Of course, from their own perspective they were doing no such thing. They were celebrating variously a tribal victory over a political opponent; the defeat of dangerous democratic dissent; and/or the triumph of British nationalism. Mostly, they were just relieved that they had succeeded in preserving the old order and the old ways. The structures of power, privilege and patronage which define the British state had been challenged by a popular grass-roots movement, and that challenge had been seen off. The ruling elites remained in place. Established power was undiminished. Everybody could get back to business as usual.

That's not quite how it was to turn out. But it would be some time before I came to realise that the British establishment may have won the vote, but the people of Scotland were to take all the prizes. At the time, I witnessed only self-proclaimed "real Scots" revelling in the fact that Scotland had declared itself unworthy to be a nation as other nation. I saw only people reacting to the diminishing of Scotland with uninhibited joy.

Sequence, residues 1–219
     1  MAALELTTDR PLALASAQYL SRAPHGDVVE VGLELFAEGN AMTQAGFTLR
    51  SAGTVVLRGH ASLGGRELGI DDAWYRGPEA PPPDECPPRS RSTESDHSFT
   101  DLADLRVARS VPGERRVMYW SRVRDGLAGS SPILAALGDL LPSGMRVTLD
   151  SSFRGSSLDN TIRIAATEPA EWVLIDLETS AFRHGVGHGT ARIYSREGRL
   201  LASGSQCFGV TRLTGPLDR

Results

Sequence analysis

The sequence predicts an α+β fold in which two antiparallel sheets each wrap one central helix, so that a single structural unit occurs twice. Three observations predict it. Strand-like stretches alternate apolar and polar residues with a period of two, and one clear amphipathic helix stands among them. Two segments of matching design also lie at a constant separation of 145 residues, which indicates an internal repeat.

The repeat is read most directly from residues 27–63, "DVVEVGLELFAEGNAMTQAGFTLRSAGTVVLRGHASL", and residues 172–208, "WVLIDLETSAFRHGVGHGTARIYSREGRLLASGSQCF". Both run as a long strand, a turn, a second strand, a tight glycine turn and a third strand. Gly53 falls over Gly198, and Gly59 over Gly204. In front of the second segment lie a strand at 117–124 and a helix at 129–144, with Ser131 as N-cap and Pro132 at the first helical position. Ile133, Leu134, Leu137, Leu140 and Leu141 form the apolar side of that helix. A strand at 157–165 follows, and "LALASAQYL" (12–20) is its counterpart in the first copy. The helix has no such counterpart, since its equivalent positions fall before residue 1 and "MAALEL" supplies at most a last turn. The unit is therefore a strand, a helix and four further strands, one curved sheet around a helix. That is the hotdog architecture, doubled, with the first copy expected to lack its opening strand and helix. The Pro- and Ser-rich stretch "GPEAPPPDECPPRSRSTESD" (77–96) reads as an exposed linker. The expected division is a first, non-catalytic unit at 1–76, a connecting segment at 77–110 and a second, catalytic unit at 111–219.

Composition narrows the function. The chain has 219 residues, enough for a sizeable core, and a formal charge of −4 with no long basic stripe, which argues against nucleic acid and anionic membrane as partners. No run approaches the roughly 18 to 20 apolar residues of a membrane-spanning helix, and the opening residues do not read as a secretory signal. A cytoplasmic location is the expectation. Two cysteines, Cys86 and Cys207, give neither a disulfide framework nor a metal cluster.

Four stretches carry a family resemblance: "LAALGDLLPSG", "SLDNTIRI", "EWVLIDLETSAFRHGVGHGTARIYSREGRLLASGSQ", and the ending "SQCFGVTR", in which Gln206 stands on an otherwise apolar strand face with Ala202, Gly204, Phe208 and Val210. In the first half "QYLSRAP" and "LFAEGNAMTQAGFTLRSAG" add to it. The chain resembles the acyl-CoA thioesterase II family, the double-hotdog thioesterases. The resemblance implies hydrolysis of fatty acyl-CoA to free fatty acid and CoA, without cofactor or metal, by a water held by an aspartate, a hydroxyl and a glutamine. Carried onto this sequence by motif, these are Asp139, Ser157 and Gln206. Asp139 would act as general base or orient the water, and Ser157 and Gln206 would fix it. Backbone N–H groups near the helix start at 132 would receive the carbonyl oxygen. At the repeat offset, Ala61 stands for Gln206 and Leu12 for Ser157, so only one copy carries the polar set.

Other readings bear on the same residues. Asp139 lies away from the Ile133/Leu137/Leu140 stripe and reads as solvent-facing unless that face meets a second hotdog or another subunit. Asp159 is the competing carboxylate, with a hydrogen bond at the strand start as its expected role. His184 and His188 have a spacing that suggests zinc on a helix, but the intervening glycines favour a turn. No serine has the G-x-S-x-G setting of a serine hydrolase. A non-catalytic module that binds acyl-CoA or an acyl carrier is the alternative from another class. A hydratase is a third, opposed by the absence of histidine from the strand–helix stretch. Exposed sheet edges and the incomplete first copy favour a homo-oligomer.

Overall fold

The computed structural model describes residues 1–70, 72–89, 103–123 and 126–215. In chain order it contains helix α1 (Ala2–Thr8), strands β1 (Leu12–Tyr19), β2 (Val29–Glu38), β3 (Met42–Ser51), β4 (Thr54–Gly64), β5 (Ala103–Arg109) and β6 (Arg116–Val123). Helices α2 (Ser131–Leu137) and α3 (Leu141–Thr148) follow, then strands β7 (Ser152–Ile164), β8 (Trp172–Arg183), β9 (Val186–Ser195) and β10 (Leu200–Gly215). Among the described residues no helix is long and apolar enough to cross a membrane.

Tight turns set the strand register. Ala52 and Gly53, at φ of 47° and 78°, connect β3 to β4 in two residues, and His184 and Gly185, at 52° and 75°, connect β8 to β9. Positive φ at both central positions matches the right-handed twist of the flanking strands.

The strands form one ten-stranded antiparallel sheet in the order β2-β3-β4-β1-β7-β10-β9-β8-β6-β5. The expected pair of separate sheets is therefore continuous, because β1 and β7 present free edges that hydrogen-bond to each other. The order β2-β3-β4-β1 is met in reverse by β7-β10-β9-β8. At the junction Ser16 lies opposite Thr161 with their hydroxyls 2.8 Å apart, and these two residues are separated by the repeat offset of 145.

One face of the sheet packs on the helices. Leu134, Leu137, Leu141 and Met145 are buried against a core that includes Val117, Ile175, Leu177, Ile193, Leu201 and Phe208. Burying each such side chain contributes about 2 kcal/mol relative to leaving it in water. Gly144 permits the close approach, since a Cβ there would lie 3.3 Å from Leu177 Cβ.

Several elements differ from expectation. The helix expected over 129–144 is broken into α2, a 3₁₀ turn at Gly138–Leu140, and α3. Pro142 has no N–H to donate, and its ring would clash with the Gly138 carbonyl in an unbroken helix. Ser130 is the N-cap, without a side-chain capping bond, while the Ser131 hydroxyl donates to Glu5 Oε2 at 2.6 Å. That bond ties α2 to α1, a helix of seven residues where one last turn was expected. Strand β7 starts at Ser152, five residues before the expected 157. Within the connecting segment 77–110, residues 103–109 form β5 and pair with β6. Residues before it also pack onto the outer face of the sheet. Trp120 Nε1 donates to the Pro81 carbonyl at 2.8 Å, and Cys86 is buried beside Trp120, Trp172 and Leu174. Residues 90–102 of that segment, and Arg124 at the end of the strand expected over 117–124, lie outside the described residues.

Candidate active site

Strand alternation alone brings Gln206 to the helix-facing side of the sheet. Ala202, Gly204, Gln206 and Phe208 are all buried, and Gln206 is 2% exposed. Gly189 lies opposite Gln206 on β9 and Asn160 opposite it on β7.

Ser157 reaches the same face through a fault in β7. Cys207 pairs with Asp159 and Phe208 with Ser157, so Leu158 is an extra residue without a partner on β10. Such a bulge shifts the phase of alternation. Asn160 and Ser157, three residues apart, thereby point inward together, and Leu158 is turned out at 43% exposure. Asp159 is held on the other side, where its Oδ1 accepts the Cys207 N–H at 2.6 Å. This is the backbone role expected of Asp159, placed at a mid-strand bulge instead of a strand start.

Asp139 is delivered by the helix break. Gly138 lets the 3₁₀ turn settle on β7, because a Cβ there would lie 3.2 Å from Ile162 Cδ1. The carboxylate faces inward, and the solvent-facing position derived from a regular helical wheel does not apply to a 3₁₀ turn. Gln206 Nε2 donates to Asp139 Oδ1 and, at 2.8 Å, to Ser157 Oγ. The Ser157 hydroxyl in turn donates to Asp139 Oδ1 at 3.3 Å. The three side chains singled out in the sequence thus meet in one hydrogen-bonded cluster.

And I was sickened.

More recently, I read accounts of MPs in the House of Commons cheering the defeat of amendments to the Scotland Bill which would have taken it some way towards honouring the promises by which the No vote was secured. They were openly congratulating themselves on having thwarted the efforts of the vast majority of Scotland's MPs to secure the powers for the Scottish Parliament that were agreed by the Smith Commission.

They were applauding (figuratively, of course) the fact that the democratic will of the people of Scotland counted for nothing against the might of the British state. They were vociferously celebrating the affirmation of Scotland's subordinate status in the UK.